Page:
215. Letter From King Birendra of Nepal to President Carter1

Your Excellency,

Here in Nepal, we have been following with great interest your success in the Presidential elections and your recent inauguration.

I believe that this interest reflects the close bonds of friendship between our two peoples and I am confident that relations between Nepal and the United States of America will be further strengthened and will encompass other areas of mutual interest during Your Excellency’s Presidential tenure.

I wish to take this opportunity to write to you frankly some of my country’s problems and share with you my thoughts on how best we feel the United States can extend cooperation. Nepal is a small country situated between two of the world’s most highly populated countries. Our endeavour has been, and will always continue to be, to have relations of peace, friendship and cooperation with all countries of the world, but particularly with our two main neighbours, India and China. Our geographical location is in an area which has been the scene of armed conflict on several occasions in the last thirty years. Nepal has not been involved in any of these hostilities, and we would like this state of affairs to be perpetuated. It is in this context that I have proposed that Nepal be declared a Zone of Peace.2 Any right-thinking person realises that the energies and resources of a small, underdeveloped country like ours has to be channeled fully to the task of raising the living standard of our people. Acceptance of Nepal as a Zone of Peace, with reciprocal obligations on the part of other countries not to engage in hostile activity against Nepal and on the part of Nepal not to allow [Page 539] its soil to be used for hostile activity against other countries, would make it possible to devote ourselves fully to the task of economic development and would in its own way contribute to peace in the region and peace in the world. American understanding and support of Nepal as a Zone of Peace would be deeply appreciated by the people of Nepal.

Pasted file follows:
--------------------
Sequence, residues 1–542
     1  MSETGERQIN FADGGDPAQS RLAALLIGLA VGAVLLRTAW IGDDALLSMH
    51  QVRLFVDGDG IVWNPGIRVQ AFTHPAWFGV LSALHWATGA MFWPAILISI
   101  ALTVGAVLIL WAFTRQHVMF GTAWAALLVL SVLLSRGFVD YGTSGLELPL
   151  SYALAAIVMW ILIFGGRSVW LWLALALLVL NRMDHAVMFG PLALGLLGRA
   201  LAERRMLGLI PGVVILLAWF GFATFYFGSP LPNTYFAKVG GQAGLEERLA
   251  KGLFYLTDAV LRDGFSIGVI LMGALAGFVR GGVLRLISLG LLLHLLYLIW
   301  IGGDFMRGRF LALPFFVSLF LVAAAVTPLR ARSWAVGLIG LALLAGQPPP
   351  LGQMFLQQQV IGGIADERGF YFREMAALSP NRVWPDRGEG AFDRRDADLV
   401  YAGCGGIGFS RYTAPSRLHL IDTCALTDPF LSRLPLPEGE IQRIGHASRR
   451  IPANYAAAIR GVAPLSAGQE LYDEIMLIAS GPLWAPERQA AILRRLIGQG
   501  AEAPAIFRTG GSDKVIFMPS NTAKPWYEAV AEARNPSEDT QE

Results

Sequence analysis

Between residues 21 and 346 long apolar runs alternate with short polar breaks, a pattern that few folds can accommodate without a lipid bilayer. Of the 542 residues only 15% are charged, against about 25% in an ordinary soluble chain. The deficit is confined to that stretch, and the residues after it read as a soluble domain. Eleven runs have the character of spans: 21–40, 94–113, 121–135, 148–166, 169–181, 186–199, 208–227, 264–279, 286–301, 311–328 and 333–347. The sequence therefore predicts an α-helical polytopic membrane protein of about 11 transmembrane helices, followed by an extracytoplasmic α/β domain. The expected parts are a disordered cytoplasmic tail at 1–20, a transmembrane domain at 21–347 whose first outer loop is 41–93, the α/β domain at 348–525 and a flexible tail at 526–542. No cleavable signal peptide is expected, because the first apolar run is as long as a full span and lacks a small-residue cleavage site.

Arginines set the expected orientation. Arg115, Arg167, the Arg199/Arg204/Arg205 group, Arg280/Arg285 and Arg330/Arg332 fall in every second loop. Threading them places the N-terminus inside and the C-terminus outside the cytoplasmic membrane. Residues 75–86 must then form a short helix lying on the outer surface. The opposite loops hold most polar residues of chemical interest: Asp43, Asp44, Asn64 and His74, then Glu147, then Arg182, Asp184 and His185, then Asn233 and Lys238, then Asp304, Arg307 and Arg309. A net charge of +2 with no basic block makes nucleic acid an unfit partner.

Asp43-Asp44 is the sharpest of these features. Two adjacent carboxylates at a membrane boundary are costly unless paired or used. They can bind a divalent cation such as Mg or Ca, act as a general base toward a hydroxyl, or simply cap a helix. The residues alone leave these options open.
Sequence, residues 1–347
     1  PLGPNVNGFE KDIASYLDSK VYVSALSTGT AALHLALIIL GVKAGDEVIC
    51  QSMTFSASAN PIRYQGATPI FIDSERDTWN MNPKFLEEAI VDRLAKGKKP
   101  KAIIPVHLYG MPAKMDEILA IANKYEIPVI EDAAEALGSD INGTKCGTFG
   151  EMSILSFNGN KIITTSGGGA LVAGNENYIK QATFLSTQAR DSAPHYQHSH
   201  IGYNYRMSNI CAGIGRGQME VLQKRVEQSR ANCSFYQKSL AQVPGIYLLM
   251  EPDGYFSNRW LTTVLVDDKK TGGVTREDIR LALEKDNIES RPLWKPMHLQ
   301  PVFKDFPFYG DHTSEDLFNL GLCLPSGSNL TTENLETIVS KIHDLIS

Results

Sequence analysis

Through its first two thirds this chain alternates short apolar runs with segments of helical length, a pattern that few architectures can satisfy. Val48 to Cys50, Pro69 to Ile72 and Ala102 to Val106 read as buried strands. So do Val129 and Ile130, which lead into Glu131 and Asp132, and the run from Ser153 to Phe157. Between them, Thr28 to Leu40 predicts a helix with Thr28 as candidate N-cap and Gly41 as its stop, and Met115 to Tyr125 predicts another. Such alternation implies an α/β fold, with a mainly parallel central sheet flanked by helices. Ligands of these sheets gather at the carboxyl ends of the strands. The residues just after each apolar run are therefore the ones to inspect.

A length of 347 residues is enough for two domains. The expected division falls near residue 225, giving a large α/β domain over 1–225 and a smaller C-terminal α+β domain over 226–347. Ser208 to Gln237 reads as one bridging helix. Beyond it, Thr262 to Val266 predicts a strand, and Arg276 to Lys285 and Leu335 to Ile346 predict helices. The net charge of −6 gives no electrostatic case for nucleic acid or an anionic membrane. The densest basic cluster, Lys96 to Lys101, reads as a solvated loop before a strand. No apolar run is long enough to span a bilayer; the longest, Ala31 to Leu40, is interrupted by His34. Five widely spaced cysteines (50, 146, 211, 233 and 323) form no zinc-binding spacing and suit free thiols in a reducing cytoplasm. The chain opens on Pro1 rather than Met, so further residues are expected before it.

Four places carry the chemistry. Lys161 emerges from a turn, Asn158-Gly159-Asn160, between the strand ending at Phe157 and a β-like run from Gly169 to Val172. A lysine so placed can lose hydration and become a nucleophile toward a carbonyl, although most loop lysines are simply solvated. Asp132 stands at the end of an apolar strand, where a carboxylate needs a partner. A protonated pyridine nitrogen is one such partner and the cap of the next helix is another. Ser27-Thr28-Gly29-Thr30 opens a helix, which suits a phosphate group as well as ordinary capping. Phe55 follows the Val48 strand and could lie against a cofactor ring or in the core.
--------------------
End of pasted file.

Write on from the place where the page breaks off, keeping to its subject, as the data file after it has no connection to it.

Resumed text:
I might mention here that, responding to the Nepalese people’s deeply-cherished desire for peace, of the governments in this region, my government alone has signed and ratified the nuclear nonproliferation treaty. Your Excellency’s initiatives to stop the spread of nuclear arms and the possible means of their manufacture will meet the full support of the Nepalese people, located, as our country is between two of the world’s six countries possessing nuclear technology.

Nepal’s problems as a landlocked country are, I believe, well appreciated by the American Government and people.

Your Excellency may not find it so easy with all your onerous duties to visit other countries in the early period of your Administration. May I, however, extend on behalf of the Government and people of Nepal an invitation for you and Mrs. Carter to visit Nepal at any time convenient to you. We have the highest respects for the ideals which the American people uphold and you can rest assured a warm welcome awaits you, however your visit may be organised, officially or unofficially.

Please convey warm good wishes from my wife and myself to Mrs. Carter.

Please accept, Your Excellency, the assurances of my highest consideration.

Birendra R.
  1. Source: National Archives, RG 59, Central Foreign Policy File, P770071–0401. No classification marking. Borg forwarded the letter to Brzezinski, as well as a draft reply from Carter to King Birenda, under a March 11 covering memorandum. (Ibid.)
  2. In his March 11 memorandum to Brzezinski (see footnote 1 above), Borg explained that the “purpose of the Zone of Peace proposal is to secure a pledge from India of non-interference in Nepal’s internal affairs, a key preoccupation for a country which is not just land-locked, but India-locked. However, India, which considers Nepal to lie within its strategic sphere, has reacted coolly to the proposal. Other countries, including the United States, have refrained from taking a position. The Ford Administration told the Nepalese privately that the U.S. would not comment until Nepal had worked out a specific understanding with its neighbors. We believe that this remains the best stance. U.S. endorsement of the Zone of Peace proposal at this stage would be viewed by India as gratuitous involvement in a bilateral matter of considerable importance to Delhi.”